Facts and Events
Ælfflæd was the daughter of an ealdorman Æthelhelm, probably ealdorman Æthelhelm of Wiltshire who died in 897. Genealogist David H. Kelley and historian Pauline Stafford have identified him as Æthelhelm, a son of Edward's uncle, King Ethelred I. Other historians have rejected the idea, arguing that it does not appear to have been the practice for Æthelings (princes of the royal dynasty who were eligible to be king) to become ealdormen, that in a grant from King Alfred to Ealdorman Æthelhelm there is no reference to kinship between them, and that the hostile reception to King Eadwig's marriage to Ælfgifu, his third cousin once removed, shows that a marriage between Edward and his first cousin once removed would have been forbidden as incestuous.
Ælfflæd married King Edward around 899. She only attested one charter, dated 901, where she was described as conjux regis. She never attested as queen. and although she was previously thought to have been consecrated as queen when Edward was crowned in 900, this is now thought unlikely. In 1827 the tomb of St Cuthbert in Durham Cathedral was opened, and among the objects found were a stole and maniple which had inscriptions showing that they had been commissioned by Ælfflæd for bishop Frithestan of Winchester. However, they had been donated by her step-son king Æthelstan to Cuthbert's tomb, probably in 934.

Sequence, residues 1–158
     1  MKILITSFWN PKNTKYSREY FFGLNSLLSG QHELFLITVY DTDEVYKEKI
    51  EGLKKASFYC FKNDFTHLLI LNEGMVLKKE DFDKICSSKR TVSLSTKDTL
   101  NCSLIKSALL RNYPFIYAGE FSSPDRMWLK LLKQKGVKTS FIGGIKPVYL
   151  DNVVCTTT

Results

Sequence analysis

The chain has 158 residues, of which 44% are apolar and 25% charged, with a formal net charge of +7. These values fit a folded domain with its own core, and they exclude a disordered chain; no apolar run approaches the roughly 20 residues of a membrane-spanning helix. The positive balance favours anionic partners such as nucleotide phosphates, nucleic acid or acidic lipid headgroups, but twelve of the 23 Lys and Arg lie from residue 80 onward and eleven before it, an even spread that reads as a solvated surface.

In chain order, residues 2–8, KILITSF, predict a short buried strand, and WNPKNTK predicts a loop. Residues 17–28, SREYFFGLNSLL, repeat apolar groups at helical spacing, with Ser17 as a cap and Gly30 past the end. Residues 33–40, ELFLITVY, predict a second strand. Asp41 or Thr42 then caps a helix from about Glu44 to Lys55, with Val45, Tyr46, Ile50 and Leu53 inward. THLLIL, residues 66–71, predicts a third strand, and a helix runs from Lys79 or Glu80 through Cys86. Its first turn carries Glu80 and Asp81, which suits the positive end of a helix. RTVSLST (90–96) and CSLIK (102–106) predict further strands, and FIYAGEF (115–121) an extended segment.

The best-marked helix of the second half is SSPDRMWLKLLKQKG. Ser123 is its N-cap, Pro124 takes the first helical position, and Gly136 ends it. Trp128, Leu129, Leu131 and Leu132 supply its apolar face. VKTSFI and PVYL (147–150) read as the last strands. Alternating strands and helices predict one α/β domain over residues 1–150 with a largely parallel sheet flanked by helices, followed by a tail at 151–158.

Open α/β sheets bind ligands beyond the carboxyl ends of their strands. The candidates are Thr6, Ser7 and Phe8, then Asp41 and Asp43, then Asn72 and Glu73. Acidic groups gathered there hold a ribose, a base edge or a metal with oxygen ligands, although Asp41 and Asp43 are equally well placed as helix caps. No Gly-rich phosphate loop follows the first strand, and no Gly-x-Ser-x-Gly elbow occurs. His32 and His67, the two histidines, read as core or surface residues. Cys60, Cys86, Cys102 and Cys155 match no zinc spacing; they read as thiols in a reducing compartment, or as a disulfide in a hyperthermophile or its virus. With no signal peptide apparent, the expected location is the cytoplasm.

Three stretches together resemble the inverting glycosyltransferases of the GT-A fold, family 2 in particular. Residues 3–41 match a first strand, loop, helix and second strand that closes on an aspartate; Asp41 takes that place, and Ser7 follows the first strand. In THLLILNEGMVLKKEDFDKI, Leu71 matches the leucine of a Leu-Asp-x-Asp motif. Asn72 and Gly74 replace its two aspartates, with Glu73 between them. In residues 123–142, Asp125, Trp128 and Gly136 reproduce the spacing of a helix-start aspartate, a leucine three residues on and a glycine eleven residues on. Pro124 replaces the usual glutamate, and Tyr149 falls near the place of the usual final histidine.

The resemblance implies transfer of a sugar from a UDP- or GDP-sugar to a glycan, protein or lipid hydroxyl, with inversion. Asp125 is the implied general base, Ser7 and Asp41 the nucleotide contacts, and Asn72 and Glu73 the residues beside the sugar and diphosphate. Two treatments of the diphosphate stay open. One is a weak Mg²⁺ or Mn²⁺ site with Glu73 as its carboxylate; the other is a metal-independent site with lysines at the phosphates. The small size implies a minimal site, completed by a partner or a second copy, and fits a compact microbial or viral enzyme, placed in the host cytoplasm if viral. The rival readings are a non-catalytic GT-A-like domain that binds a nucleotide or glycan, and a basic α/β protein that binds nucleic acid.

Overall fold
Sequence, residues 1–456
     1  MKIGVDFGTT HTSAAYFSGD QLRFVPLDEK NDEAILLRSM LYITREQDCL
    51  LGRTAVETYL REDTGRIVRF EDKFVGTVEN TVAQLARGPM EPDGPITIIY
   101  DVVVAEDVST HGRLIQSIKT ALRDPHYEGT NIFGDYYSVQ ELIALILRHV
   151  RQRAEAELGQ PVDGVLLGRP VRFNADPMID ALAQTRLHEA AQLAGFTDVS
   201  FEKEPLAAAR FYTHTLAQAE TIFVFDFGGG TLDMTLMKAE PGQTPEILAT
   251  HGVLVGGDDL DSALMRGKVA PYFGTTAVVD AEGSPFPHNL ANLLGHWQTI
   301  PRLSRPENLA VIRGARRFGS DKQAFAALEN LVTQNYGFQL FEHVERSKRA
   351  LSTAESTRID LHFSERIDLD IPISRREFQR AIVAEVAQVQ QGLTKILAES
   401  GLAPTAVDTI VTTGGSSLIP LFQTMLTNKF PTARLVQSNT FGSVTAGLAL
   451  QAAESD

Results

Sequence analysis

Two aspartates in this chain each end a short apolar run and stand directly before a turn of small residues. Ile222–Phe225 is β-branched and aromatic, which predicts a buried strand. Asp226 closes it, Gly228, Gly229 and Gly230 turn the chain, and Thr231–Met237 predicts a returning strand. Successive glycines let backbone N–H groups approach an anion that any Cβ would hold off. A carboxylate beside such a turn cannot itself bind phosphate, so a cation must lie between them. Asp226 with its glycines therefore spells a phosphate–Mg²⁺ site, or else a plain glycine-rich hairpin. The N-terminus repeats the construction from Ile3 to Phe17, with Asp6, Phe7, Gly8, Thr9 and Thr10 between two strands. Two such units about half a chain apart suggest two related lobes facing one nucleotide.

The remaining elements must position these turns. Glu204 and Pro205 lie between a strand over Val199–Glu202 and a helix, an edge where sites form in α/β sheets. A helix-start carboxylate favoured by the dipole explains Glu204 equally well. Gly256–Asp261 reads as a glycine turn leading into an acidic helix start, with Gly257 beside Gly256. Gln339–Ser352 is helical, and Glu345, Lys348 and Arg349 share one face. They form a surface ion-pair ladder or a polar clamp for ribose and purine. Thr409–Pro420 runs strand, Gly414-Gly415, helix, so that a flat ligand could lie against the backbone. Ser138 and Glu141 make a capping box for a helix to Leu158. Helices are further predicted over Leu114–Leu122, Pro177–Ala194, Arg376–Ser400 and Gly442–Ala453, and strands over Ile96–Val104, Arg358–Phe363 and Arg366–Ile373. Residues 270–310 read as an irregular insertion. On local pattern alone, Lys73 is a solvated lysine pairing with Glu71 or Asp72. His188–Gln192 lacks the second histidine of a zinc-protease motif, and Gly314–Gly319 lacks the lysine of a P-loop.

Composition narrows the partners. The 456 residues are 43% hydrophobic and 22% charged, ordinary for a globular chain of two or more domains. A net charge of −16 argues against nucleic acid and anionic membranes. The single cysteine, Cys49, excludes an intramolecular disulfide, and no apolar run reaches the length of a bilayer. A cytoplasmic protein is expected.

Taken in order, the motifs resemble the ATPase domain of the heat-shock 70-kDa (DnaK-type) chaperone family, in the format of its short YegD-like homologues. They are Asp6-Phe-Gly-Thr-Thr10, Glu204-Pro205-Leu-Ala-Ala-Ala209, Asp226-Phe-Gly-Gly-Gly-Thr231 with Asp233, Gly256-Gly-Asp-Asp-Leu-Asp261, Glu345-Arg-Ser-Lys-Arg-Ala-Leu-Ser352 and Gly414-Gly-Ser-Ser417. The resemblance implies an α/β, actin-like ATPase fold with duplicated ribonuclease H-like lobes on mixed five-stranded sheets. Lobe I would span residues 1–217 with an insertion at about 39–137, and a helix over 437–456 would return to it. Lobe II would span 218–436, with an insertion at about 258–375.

Ælfflæd had two sons, Ælfweard, who became king of Wessex on his father's death in 924 but died himself within a month, and Edwin, who was drowned in 933. She also had five or six daughters, including Eadgifu, wife of Charles the Simple, king of West Francia, Eadhild, who married Hugh the Great, duke of the Franks, and Eadgyth, wife of Otto I, Holy Roman Emperor. In around 967 Hrotsvitha, a nun of Gandersheim, wrote a eulogy of the deeds of Otto I in which she contrasted the nobility of Eadgyth's mother with the inferior descent of Æthelstan's mother.
Edmund I, the future king who was a son of Edward's third wife, Eadgifu, was born in 920 or 921, so Ælfflæd's marriage must have ended in the late 910s. According to William of Malmesbury, Edward put aside Ælfflæd in order to marry Eadgifu, a claim which Sean Miller viewed sceptically, but it is accepted by other historians. She is reported to have retired to Wilton Abbey, where she was joined by two of her daughters, Eadflæd and Æthelhild, and all three were buried there.